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Galway in Days Gone By

Galway In Days Gone By

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An alternative to the formbook at Galway Races in 1988.

1916

Street nuisance

At Galway Petty Sessions, Mr. Hildebrand said that with regard to ball playing on streets, he had often intended to take action since he came to Galway, which was a decided nuisance.

He notices that the boys in the city were not good-mannered boys, they did not wait for passengers to pass, but actually continued to play while people were passing by. He would, therefore, like a pronouncement from the bench of the matter.

Chairman Joseph Kilbride, R.M.: Market-street is about the worst.

Mr. Hildebrand: Particularly on a Sunday. I do not like to be a new brook; I did not ever care for it, but this thing ought to be put down.

Mr. J.S. Young said he was going to mention the matter. In regard to this offence, he decided to say that the Urban Council had over and over again asked the police to take action. The practice by boys of playing ball and pitch-and-toss in the streets had become a nuisance.

Mr. Hildebrand: Very well; let it go forth that we are not active in a vindictive manner, that we are taking action by the concurrence of the magistrate.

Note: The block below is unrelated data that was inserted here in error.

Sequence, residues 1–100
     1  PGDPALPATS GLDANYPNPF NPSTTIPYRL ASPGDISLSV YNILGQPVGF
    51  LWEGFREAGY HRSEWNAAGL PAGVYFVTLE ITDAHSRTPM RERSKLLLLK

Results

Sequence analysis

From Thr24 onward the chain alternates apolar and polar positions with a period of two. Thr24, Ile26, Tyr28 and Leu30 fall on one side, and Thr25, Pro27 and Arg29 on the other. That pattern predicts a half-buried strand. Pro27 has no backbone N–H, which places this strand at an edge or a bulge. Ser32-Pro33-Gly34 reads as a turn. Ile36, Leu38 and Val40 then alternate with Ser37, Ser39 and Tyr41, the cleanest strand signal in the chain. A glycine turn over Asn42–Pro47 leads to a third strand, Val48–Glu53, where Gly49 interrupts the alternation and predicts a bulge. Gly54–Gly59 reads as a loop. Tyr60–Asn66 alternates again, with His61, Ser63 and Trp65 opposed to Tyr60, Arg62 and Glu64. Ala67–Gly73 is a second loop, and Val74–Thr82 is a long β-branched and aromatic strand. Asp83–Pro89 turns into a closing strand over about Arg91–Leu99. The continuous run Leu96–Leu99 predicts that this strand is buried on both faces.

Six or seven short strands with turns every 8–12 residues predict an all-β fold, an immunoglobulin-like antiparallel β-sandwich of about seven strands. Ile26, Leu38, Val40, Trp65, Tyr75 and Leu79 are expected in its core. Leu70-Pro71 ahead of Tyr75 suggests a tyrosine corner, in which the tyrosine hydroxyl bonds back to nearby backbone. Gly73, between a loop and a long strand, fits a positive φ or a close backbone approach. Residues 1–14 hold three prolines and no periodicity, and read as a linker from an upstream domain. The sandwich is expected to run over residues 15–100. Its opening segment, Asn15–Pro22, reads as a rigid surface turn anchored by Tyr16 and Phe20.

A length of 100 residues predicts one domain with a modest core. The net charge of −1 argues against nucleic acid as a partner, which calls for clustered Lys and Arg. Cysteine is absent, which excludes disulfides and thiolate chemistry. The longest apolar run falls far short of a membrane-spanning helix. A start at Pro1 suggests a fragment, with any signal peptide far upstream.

Success assured

As we write this (Friday) morning, the preparations for the great Cathedral Bazaar are all but completed, and Eyre Square is already offered a foretaste of the week’s gaiety.

The entrance from the Bank of Ireland side is flanked with monster marquees, that to the right being where the countless couples will “trip the light fantastic too” in a week’s revelry in which joy will be unconfined.

Other white canvas structures stand around, scarcely, if at all, less spacious, while further down the green plot is dotted with small tents suggestive, but not quite of the bell-shape. It is all very showy, picturesque and summery, and makes a vivid appeal to the imagination.

1941

Bog dispute settled

A settlement has at last been reached in the Glenaun bog dispute and it is expected that work will be resumed towards the end of this week. Most of the forty-six men involved will be accommodated immediately, and it is hoped that the whole number will be at work in a very short time.

Worst attendance

Killimore was one of the worst districts in the whole East Galway Court area as regards attendance at school, said District Justice Cahill, at Killimore Court. In some cases the attendance was very bad, perhaps the worst for this time of the year of any other district.

Ploughing body

“I hope that whatever changes may come the plough will never again be let down for the sake of foreign interests,” said Mr. Michael Donnellan, Dunmore, in thanking the Galway County Ploughing Association on Saturday for his election as chairman of the Association. The country, he said, had at long last come to realise that the day the plough was let down, the country would go down with it.

Galway still on top

Galway 0-8 Roscommon 1-4

Galway senior footballers were hard pressed to retain the Connacht title on Sunday at Roscommon. Only by a single point did they defeat Rosommon and qualify to meet either Cavan or Tyrone in the All-Ireland Semi-Final at Croke Park on August 17th.